WIN EPISCOPE 2.0: improved epidemiological software for veterinary medicine.
ABSTRACT Recent changes in veterinary medicine have required quantitative epidemiological techniques for designing field surveys, identifying risk factors for multifactorial diseases, and assessing diagnostic tests. Several relevant techniques are brought together in the package of veterinary epidemiological computer software, WIN EPISCOPE 2.0, described in this paper. It is based on Microsoft Windows and includes modules for the design and analysis of field surveys, control campaigns and observational studies, and a simple mathematical model. It provides comprehensive 'Help' screens and should therefore be useful not only in field investigations but also for teaching veterinary epidemiology.
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ABSTRACT: Yersiniosis is a common bacterial zoonosis in Europe and healthy pigs are known to be the primary reservoir of human pathogenic Yersinia enterocolitica and Y. pseudotuberculosis. However, little information is available about the prevalence of these pathogens within pig batches at time of slaughter. The tonsils of 7047 fattening pigs, belonging to 100 farms, were aseptically collected immediately after evisceration in two Belgian slaughterhouses. The batch size varied between 70 and 930 pigs. On average, 70 pigs were sampled per batch. The tonsils were examined by direct plating on cefsulodin-irgasan-novobiocin (CIN) agar plates and the number of suspect Yersinia colonies was counted. Pathogenic Y. enterocolitica serotype O:3 were found in tonsils of 2009 pigs (28.5%), originating from 85 farms. The within-batch prevalence in positive farms ranged from 5.1 to 64.4%. The number of Y. enterocolitica in positive pigs varied between 2.01 and 5.98log10CFUg(-1) tonsil, with an average of 4.00log10CFUg(-1) tonsil. Y. pseudotuberculosis was found in seven farms, for which the within-batch prevalence varied from 2 to 10%. In five of these farms, both Y. enterocolitica and Y. pseudotuberculosis were simultaneously present. Human pathogenic Yersinia spp. are widespread in slaughter pig batches in Belgium as 87% of the tested batches were infected with these pathogens at the time of slaughter. The large variation of the prevalence between batches may lead to different levels of contamination of carcasses and risks for public health.Veterinary Microbiology 01/2014; · 3.13 Impact Factor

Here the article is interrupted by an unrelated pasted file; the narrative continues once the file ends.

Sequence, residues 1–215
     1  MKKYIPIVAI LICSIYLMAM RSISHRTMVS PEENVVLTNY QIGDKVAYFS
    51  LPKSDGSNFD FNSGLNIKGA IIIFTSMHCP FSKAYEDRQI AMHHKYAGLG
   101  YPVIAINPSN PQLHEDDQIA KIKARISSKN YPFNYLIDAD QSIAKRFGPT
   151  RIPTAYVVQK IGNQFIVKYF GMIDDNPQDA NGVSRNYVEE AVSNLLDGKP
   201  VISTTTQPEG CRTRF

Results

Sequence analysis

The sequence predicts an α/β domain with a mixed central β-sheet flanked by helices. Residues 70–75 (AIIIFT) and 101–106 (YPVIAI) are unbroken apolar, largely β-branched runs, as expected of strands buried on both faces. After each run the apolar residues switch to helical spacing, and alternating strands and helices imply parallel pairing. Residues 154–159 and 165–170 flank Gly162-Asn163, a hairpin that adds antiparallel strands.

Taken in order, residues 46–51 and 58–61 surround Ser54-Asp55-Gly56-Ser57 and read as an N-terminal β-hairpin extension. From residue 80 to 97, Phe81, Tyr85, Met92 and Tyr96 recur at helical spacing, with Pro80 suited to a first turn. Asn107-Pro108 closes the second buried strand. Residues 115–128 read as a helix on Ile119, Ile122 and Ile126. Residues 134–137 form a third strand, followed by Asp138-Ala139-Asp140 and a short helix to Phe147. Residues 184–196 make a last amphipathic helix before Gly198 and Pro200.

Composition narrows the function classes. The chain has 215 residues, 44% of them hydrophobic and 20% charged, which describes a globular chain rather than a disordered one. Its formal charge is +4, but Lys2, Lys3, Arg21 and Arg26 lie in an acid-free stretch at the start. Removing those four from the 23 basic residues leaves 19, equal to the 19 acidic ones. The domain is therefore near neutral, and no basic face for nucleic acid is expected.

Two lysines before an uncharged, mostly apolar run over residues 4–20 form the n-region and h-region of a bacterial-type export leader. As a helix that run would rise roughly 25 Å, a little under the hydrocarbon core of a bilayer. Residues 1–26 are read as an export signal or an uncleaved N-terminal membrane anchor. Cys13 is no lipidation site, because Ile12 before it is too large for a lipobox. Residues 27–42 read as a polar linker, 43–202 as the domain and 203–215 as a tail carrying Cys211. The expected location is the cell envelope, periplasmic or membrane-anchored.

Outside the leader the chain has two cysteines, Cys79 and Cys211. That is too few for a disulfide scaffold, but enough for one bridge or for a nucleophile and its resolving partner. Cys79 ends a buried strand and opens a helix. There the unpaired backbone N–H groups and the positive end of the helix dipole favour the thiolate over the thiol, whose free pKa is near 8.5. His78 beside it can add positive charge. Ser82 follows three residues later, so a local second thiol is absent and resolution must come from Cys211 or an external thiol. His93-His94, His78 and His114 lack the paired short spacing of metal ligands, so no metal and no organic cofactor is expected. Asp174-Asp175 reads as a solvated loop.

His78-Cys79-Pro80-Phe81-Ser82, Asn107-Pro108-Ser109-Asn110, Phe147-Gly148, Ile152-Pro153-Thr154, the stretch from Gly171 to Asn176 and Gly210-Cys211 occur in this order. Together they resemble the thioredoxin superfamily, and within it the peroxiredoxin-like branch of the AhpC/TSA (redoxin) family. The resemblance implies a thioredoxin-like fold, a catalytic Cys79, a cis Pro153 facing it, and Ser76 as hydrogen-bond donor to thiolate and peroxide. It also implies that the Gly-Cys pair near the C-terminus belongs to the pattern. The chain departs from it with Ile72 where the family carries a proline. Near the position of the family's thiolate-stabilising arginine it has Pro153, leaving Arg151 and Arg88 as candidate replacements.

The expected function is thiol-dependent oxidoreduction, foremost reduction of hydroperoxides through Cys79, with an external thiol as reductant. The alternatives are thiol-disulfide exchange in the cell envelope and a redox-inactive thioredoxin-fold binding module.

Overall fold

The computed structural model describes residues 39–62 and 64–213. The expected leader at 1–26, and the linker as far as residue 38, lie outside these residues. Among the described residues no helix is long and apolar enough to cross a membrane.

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ABSTRACT: The objectives of this study were to determine the individual and herd-level prevalence and genotype of Cryptosporidium and to identify putative risk factors associated with Cryptosporidium spp. infections in water buffaloes in northeast Thailand. Fecal samples from 600 water buffaloes of 287 farms in six provinces were collected and tested using DMSO-modified acid-fast staining and polymerase chain reaction. The overall prevalence of Cryptosporidium infections in buffaloes was 5.7 and 8.7 % among individual animals and herds, respectively. The provinces with highest infected Cryptosporidium were located in the Sakon Nakhon Basin in the northern part of the region. In addition, higher herd prevalence was observed among farms with more than five buffaloes (30 %) than those with five or less animals (16.2 %). Thirty (88.2 %) of the 34 Cryptosporidium-positive samples were Cryptosporidium parvum and four (11.8 %) were Cryptosporidium ryanae.Tropical Animal Health and Production 11/2013; · 1.09 Impact Factor
- The Veterinary record. 10/2013;